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« God hath inclined his ear, hath heard the voice “Of mourning, and his anger is gone forth."
Then said the Son of Orleans, "Holy Maid ! " I would fain know, if blameless I may seek "Such knowledge, how the heavenly call was heard "First in thy waken'd soul; nor deem in me “Ought idly curious, if of thy past days " I ask the detail. In the hour of age,
If haply I survive to see this realm "By thee deliver'd, dear will be the thought
That I have seen the delegated Maid, “And heard from her the wonderous ways of Heaven.”
A simple tale," the mission'd Maid replied, "Yet may it well employ the journeying hour “And pleasant is the memory of the past."
Seest thou, Sir Chief, where yonder forest skirts
6 As on the farther bank the distant towers
“ Of Vaucouleur ? there in the hamlet Arc
My father's dwelling stands; a lowly hut, " Yet nought of needful comfort wanted it, “ For in Lorraine there lived no kinder Lord " Than old Sir Robert, and my father Jaques “ In flocks and herds was rich. A toiling man “ Intent on worldly gains, one in whose heart “ Affection had no root. I never knew “ A parent's love ; for harsh
my “ And deem'd the cares that infancy demands “ Irksome, and ill-repaid. Severe they were, « And would have made me fear them, but my soul “ Possess'd the germ of steady fortitude, “ And stubbornly I bore unkind rebuke « And wrathful chastisement. Yet was the voice " That spake in tones of tenderness most sweet “ To my young
how have I felt it leap “ With transport, when mine Uncle Claude approach'd ! “ For he would place me on his knee, and tell
« The wonderous tales that Childhood loves to hear,
Listening with eager eyes and open lips “ In most devout attention. Good old man! "Oh if I ever pour'd a prayer to Heaven " Unhallowed by the grateful thought of him, " Methinks the righteous winds would scatter it! “ He was a parent to me, and his home "Was mine, when in advancing years I found “No peace, no comfort in my father's house. "With him I pass'd the pleasant evening hours, " By day I drove my father's t flock afield “ And this was happiness.
“ Amid these wilds "Often to summer pasture have I driven “ The flock; and well I know these mountain wilds,
every bosom'd vale, and valley stream " Is dear to memory. I have laid me down
People found out a nest of miracles in her education, says old Fuller, that so lion-like a spirit should be bred among sheep like David,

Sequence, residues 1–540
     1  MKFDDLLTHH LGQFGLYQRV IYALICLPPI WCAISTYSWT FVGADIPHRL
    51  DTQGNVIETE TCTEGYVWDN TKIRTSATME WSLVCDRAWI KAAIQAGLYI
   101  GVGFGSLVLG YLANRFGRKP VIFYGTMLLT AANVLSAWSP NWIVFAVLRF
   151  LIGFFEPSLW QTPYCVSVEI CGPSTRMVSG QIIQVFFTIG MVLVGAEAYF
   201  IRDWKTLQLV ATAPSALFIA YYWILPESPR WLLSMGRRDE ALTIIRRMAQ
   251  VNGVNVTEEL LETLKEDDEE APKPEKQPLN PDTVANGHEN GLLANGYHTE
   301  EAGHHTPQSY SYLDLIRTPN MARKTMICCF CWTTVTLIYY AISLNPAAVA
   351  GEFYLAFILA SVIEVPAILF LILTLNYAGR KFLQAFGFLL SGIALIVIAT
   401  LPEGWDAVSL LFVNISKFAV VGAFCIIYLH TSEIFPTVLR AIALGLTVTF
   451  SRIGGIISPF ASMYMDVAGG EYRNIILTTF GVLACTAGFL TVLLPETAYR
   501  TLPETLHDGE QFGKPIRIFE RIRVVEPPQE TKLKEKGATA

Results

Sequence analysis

“ Beside yon valley stream, that up the ascent " Scarce sends the sound of waters now, and watch'd “ The tide roll glittering to the noon-tide sun, “ And listened to its ceaseless murmuring, “ Till all was hush'd and tranquil in my soul, “Fill'd with a strange and undefined delight “ That pass'd across the mind like summer clouds “Over the lake at eve, their fleeting hues “ The traveller cannot trace with memory's eye, " Yet he remembers well how fair they were, “How very lovely."
“ Here in solitude My soul was nurst, amid the loveliest scenes “Of unpolluted nature. Sweet it was “ As the white mists of morning roll'd away “To see the mountains wooded heights appear “Dark in the early dawn, and mark its slope « Rich with the blossom'd furze, as the slant sun « On the golden ripeness pour'd a deepening light. « Pleasant at noon beside the vocal brook
“ To lie me down, and watch the floating clouds, " And shape to Fancy's wild similitudes “ Their ever-varying forms; and oh most sweet! "To drive may flock at evening to the fold, “ And hasten to our little hut, and hear “ The voice of kindness bid me welcome home.
“ Amid the village playmates of my youth " Was one whom riper years approved my friend. "A very gentle maid was Madelon, " I loved her as'a sister, and long time “ Her undivided tenderness possessid, « Till that a better and a holier tie
“Gave her one nearer friend; and then my
heart “Partook her happiness, for never lived “ A happier pair than Arnaud and his wife.
16 Lorraine was call'd to arms, and with her youth « Went Arnaud to the war. The morn was fair,
Bright shone the sun, the birds sung cheerily,